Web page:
14. You’re not listening to your team members.
People leave teams when they have no voice on the team. Your people have ideas and concerns. They should be able to voice those concerns to their leader. If your team culture or attitude is such that people don’t feel safe or heard when they voice an opinion, then those people are going to leave. Why would they continue to serve on a team where they have no input on its direction.
15. You have a pessimistic or negative attitude.
I was talking with a pastor recently who had a leader over children’s ministry that was losing team members. He asked me for guidance in how to coach her. After some digging into the issue, he admitted that she just wasn’t a very positive or encouraging person. “She’s a great manager of the details, but she’s terrible with people”, he said. There you go. She runs a tight ship, but everyone wants to get off the boat because the captain is a jerk!
16. You haven’t changed or improved anything in years.
Change for the sake of change isn’t helpful, but change is necessary at some level. If you’re still running felt boards in your children’s ministry or your worship team is still singing the same 10 songs on rotation, you’re not stewarding your ministry well. And your team can see it. They’ll leave just out of boredom.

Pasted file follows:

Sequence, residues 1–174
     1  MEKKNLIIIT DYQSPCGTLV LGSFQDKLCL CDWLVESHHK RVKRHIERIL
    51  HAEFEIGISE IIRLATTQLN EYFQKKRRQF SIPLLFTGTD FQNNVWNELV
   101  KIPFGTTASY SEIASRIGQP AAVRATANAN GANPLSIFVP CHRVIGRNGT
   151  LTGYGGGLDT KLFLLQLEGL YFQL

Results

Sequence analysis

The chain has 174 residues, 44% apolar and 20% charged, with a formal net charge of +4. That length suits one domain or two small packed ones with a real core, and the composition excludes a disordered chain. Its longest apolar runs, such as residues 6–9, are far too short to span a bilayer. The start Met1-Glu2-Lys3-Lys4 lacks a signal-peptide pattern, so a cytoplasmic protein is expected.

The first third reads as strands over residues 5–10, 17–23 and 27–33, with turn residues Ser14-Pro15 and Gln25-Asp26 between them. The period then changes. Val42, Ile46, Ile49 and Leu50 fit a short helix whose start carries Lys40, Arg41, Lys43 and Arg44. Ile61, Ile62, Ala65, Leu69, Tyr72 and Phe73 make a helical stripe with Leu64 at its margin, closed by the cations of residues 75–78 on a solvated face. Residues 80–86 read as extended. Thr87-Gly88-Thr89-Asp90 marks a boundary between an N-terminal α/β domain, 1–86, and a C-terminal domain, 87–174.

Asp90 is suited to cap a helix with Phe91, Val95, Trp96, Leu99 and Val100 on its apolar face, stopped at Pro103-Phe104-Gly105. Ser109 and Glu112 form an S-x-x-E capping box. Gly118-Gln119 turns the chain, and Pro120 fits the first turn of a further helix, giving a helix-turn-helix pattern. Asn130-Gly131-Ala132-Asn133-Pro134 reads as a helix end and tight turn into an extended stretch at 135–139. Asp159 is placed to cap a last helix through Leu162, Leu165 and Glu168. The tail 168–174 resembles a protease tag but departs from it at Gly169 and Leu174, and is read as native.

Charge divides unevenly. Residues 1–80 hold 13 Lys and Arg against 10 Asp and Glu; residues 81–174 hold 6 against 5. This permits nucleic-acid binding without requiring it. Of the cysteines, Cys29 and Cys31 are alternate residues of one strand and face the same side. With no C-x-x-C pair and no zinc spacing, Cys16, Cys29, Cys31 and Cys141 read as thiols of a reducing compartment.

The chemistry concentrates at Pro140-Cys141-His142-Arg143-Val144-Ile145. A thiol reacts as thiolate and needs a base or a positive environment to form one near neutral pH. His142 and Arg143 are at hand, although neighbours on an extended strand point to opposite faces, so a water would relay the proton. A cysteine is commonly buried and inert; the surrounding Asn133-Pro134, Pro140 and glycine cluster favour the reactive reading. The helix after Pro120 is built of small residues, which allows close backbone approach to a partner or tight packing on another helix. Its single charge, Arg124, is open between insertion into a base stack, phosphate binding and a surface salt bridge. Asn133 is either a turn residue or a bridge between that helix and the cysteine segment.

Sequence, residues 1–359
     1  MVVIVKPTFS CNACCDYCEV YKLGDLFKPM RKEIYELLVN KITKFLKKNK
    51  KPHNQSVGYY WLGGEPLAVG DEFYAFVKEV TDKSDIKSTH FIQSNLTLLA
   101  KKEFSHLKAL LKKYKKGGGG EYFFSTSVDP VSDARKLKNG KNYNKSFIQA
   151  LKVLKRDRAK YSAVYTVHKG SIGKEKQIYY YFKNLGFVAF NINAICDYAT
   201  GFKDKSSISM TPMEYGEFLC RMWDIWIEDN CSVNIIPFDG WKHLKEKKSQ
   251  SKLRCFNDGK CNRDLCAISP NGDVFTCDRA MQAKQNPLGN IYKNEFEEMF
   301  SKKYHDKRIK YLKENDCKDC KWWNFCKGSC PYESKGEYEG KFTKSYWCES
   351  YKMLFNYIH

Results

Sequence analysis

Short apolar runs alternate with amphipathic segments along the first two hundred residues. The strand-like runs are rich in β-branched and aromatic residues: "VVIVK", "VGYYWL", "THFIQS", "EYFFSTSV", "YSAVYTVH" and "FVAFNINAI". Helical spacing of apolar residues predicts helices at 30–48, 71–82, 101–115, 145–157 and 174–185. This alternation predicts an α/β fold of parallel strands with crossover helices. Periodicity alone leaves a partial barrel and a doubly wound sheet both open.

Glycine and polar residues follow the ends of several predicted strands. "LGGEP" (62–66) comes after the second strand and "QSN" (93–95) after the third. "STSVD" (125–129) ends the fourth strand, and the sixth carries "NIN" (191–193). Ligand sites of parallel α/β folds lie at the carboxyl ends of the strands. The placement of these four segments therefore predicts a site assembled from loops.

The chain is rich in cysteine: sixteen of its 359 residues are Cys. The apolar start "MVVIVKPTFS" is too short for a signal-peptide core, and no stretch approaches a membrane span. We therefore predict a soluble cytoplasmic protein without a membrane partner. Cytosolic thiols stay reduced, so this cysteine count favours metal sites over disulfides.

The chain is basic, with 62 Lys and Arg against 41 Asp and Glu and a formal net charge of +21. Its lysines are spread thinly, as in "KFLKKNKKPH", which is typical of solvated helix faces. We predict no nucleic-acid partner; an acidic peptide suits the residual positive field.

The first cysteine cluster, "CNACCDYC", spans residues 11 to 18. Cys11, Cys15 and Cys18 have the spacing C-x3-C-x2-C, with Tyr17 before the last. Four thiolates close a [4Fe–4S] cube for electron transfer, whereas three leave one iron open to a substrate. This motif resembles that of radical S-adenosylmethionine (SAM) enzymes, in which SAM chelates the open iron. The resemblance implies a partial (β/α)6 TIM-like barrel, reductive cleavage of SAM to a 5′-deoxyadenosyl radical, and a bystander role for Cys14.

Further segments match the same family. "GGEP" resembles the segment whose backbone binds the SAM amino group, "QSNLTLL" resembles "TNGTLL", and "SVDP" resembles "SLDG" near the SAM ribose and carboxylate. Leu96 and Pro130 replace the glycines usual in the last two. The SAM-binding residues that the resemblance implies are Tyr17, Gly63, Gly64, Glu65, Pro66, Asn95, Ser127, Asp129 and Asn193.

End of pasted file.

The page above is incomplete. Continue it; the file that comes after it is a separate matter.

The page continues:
17. You change things all the time.
The opposite of never changing is changing all the time. If a lack of change leads to boredom then constant change leads to whiplash and confusion. One thing your team looks to you for is clear, stable, conscientious leadership. That means being thoughtful and careful with the changes you want your team to experience. Even if God designed you as someone who loves and craves new things, pump the brakes when it comes to leading your team. Be cautious about change because not everyone is designed to love change and newness like you are.